When he reached Platt’s Ranch at Mountain Meadows he found the driver of the coach in bed suffering from two frozen feet. The driver would have to stay there and try to save his feet by wrapping them in coal oil soaked rags. One of the Platts would take the passengers on to Modena. Rone made camp at Platt’s Ranch, always seeing to his horses before he saw to himself.
Once he reached the desert near present day Enterprise the route leveled out and the traveling was easier, though no less cold or miserable. Again, the coach and its new driver had marked out the road and Rone pressed on with new hope. It was late afternoon of the third day when Rone and his team finally arrived at Modena. There was no town, only a boarding house fashioned from a worn-out rail car, and a cook shack for the railroad workmen.
It had been weeks since the St. George freight had been picked up. There was more on the dock than Rone could haul. Coal oil in five-gallon cans was top priority. But Rone made sure to load all the candy, Christmas trinkets and toys he could. Nellie relates that as her future father loaded the treasures on the wagon his thoughts went back to that little braided whip and dog-head whistle Santa had brought him as a boy and he thought how happy the children of St. George would be if he could only make it back to town with his load before Christmas. He knew how much the parents in town were counting on him. With the wagons loaded he camped that night at Modena.
He was on his way by daylight. The horses pulled the heavy wagons through the snow, each step drawing the precious cargo closer to its destination. It was cold and slow going but things went relatively well until he neared the Burgess Ranch at Mountain Meadows. New snow had obliterated his earlier tracks and Rone grew snowblind. He realized he had no idea where the road was and suddenly his horses and the lead wagon broke through the crust into a stream of water that flowed from the Burgess Spring. He knew immediately he was stuck and he groaned at the thought of what it would take to get out of this predicament. Nellie said in years to come her father would shed tears of sorrow for his younger self as he told of the bitter cold and the almost impossible task he performed that day.
Alone in the frigid white mist he unhitched the horses and unloaded every piece of freight from the lead wagon, carrying it through the deep snow to firmer ground. He separated the two wagons and hitched one team to the back of the hind wagon and pulled it backwards onto the road. He used the same process to pull the lead wagon out, and after much maneuvering he had the entire rig back in place on the road. He reloaded all the heavy freight.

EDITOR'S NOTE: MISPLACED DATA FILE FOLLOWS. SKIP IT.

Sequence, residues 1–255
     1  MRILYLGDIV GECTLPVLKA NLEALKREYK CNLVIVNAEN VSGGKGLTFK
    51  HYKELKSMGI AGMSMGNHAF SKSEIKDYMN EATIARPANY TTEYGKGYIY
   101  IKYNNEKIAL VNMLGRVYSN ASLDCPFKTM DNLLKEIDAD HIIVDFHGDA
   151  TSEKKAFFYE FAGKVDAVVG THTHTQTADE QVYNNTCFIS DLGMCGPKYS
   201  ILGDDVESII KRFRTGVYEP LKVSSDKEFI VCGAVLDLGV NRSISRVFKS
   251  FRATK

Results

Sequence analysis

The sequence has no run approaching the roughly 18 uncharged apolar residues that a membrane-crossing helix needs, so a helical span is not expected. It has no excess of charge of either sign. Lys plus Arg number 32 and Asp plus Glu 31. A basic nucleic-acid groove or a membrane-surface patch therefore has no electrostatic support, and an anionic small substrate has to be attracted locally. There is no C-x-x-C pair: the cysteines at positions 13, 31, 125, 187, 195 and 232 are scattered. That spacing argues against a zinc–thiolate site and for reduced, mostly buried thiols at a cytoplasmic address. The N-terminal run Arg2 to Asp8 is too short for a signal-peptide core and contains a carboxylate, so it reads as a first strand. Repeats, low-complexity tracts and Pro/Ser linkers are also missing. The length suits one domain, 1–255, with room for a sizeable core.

All he could think about was making it back to St. George in time for Christmas.
Now he pressed on, slowly and carefully, through the snowdrifts of the mountain vales until, finally, he could see the red desert to the south. By now, horseback riders were monitoring his slow but sure progress and sending word to town of the heroic freighter’s status.
It was late evening of the tenth day when he saw the golden light of coal oil lamps glowing from the windows of St. George. The rumble of his wagons shattered the crystalline air and the townsfolk cheered him on as he entered the village. He rolled down Main Street as shouts of joy hailed him from every direction. He jumped off the high wagon seat into a throng of well wishers, most of them women. One was Em Cottam, Mrs. Thomas P. Cottam, who a few years later would become his mother-in-law.
“My, but you are a good-looking chap,” she told him. Rone later remarked that that was about the first time anyone had told him he was good-looking.
There was plenty of help to unload the wagons that night, and Rone was glad because he was tired and wanted nothing more than to get home and into his own bed. When the last item was checked off the freight list, Rone climbed back up into the spring seat and drove his horses and wagons a half block south on Main Street, turned right on Tabernacle Street and drove west another block and a half to where the red-rock McArthur home stood. St. George’s new hall of justice stands on that land today. There he was greeted by his dear mother. Before he went in to the hot home-cooked meal that awaited him, he unharnessed, fed and watered the horses.
Throughout the rest of his life as Moroni McArthur recounted this experience his voice would crack when he recalled how easily it could have all turned out differently. Thanks to Rone, St. George’s Christmas of 1899 was much more merry than it might have been.